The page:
Raise Your SDS IQ (6 of 6): Practical Review of Containerized SDS

by Michael Letschin, Field CTO

This is the sixth of six posts (the last one was Virtual Storage Appliances) where we’re going to cover some practical details that help raise your SDS IQ and enable you to select the SDS solution that will deliver Storage on Your Terms. The sixth (and final) SDS flavor in our series is Containerized.

Containers are a relatively new entrant on the storage scene – and they’re hot, because unlike virtual machines, they use shared operating systems; this means they’re incredibly more efficient than hypervisors in terms of system resource usage. The big benefit is that you can get more apps (think four to six times more) on the same old servers, and you can run those apps basically anywhere. Because the container space is virtualized, storage via Containers could be considered SDS. For storage, the containerization approach varies: It’s either all local storage as in the diagram on the left, or, as on the right, external components sharing file, block, or object presentation that gets integrated into container as staple storage. You can use solutions like Flocker to get stateful storage, which is important because not every app is completely stateless.

Containerization is useful for testing in DevOps or for use in hyperscale environments; and the storage is highly portable, which means flexibility is high. Currently few enterprises are actually moving production apps into these environments, with key issues being the ability of apps to write to containers and limited (but growing) knowledge of IT staff on this new virtualization paradigm. Containers aren’t designed to scale up to accommodate a lot of storage—which enterprise apps usually need – but it may be that a solution to this emerges.. You’ll notice that we’ve let off the grades for Performance and Cost Efficiency. For Performance, because Containers run in a virtual environment, there are far too many variables to provide a standard ranking; for Cost Efficiency, again, lots of dependencies on the underlying environment, although the ability to use existing infrastructure is a big plus.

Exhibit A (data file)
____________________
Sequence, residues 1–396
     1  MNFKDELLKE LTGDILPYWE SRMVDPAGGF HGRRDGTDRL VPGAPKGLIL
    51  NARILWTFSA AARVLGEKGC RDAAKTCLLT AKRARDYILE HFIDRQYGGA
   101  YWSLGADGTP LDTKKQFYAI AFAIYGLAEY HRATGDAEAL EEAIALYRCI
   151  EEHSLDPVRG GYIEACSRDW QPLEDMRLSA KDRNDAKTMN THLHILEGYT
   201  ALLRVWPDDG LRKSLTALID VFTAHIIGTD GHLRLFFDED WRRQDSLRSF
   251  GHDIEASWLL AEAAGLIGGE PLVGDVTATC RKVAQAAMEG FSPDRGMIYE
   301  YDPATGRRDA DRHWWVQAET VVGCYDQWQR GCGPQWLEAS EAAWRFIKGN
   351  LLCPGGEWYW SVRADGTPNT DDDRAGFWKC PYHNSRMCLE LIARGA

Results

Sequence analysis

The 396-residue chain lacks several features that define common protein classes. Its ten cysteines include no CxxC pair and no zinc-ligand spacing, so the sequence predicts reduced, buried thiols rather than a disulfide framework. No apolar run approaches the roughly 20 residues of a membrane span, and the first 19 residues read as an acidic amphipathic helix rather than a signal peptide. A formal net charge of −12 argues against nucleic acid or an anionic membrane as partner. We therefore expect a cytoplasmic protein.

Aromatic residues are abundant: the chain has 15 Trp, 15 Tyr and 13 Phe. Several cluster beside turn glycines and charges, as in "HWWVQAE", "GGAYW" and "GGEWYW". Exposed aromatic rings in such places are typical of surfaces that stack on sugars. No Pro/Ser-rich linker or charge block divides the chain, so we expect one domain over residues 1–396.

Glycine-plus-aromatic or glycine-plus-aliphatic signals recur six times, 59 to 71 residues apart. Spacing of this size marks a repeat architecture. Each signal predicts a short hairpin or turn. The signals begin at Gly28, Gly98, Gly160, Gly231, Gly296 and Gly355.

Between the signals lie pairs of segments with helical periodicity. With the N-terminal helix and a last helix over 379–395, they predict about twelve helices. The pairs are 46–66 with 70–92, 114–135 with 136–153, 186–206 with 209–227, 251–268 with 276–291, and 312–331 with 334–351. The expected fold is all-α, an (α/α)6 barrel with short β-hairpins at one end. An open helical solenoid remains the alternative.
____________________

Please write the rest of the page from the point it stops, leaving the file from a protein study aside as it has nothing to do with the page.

Overall grade: (soft) B – incomplete grading

See below for a typical build and the report card:

Screen Shot 2016-07-05 at 12.51.23 PM

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Nexenta is the global leader is Software-defined Storage.

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Posted in Software-defined data center, Software-defined storage, Uncategorized

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